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Amputation is the removal of a body extremity through trauma or surgery. Amputations are named in reference to the nearest joint; i.e. a below-knee amputation or an above-elbow amputation. If an amputation is performed through a joint space, it is referred to as a disarticulation.

Amputation is used to control pain or disease in the affected limb. It is typically a treatment of last resort. If a disease process has proceeded to the point that the tissue of a limb dies, a combination of inflammatory changes and bacterial action can result in the dead tissue being sloughed off in a process called autoamputation. A surgical amputation is normally planned so as to leave a thick flap of skin and muscle tissue that can be folded over to cover the cut end of the bone and produce the best possible cosmetic and functional result. In cases of infected wounds or critically ill patients, a 'guillotine' amputation is performed, in which the limb is divided in a single plane, without forming complex flaps, and the wound is left open. Further surgeries are then performed to revise the stump once the patient is stabilized.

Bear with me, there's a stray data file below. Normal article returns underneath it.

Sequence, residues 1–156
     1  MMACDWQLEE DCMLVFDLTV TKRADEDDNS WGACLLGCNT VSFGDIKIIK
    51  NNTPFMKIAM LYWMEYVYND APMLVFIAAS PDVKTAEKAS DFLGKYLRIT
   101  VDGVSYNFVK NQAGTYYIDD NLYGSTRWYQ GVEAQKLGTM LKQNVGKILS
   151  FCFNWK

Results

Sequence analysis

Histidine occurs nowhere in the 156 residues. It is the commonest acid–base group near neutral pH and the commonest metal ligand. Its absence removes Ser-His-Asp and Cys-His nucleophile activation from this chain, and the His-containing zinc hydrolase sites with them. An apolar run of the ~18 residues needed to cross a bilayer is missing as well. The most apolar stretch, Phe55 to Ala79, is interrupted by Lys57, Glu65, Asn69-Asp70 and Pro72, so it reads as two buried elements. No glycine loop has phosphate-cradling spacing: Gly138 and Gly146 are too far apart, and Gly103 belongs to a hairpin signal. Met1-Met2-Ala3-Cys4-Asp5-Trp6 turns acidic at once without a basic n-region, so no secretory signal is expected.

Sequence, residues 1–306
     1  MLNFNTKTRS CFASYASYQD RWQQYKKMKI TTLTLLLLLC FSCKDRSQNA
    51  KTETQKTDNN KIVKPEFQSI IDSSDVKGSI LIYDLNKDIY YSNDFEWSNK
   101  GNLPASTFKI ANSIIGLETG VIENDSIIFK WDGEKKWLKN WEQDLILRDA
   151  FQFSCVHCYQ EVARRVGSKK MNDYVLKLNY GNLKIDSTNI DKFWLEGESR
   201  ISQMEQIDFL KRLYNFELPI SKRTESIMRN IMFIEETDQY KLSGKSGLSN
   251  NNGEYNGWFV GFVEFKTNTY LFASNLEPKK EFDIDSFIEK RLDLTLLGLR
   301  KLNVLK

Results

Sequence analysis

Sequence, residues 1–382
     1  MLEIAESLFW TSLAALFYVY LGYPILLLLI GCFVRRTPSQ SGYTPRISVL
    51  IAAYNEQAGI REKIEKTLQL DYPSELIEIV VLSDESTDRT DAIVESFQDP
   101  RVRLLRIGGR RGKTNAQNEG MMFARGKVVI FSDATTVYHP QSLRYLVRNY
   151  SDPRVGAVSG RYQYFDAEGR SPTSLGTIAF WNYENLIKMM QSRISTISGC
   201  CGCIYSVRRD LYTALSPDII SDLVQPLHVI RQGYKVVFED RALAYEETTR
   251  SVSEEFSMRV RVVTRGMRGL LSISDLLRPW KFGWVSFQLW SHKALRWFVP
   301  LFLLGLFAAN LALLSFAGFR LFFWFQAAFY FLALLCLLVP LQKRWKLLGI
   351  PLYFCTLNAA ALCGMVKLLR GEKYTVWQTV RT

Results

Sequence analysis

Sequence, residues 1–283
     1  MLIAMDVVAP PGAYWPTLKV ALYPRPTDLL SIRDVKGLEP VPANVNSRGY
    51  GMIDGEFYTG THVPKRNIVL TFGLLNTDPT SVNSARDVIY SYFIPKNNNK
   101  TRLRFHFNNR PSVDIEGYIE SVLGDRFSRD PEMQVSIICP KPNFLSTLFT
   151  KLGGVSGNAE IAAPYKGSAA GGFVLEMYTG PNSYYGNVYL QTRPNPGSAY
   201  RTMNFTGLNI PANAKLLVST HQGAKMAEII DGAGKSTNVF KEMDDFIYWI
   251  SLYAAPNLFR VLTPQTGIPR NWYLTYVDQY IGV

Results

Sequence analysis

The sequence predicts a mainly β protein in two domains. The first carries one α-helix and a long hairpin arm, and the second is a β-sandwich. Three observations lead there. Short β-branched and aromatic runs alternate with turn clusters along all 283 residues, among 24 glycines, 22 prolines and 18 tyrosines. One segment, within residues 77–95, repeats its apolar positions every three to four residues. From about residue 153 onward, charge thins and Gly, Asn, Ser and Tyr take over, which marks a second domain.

Side-effects of amputation can include psychological trauma and discomfort. Patients sometimes report phantom limb pain, in which nerve activity in the stump is perceived as pain in a body part that is no longer present.

Fingertips and toetips that have been amputated beyond the level of the nail bed have been known to occasionally regenerate spontaneously.[1] Amputations in humans that involve more than the tip of a digit do not regenerate. In contrast, many reptile and amphibian species are able to regenerate entire limbs after amputation.

Non-medical amputation is used as a form of punishment or as an act of terrorism.

A particularly controversial form of amputation is known as the Van-ness rotationplasty.[2] In most cases, it is performed in the case of a femoral osteosarcoma. The procedure consists of an above-knee amputation above the level of the sarcoma. Keeping the blood vessels intact, the surgeon then severs the amputated limb below the knee. The lower leg —the tibia, fibula, ankle, and foot—is then rotated 180 degrees. The lower leg, still rotated, is then attached to the stump so that the heel is at the anterior aspect of the leg. The ankle is now used as a knee joint, to which a prosthesis is attached. This supposedly makes ambulation much easier.


  1. Tracy L.Muller, Valerie Ngo-Muller, Angela Reginelli, Fail Taylor, Rosalie Anderson and Ken Muneoka (1999). Regeneration in higher vertebrates: Limb buds and digit tips. Cell & Development Biology, 10:405-413
  2. PFFD:Van-ness Rotationplasty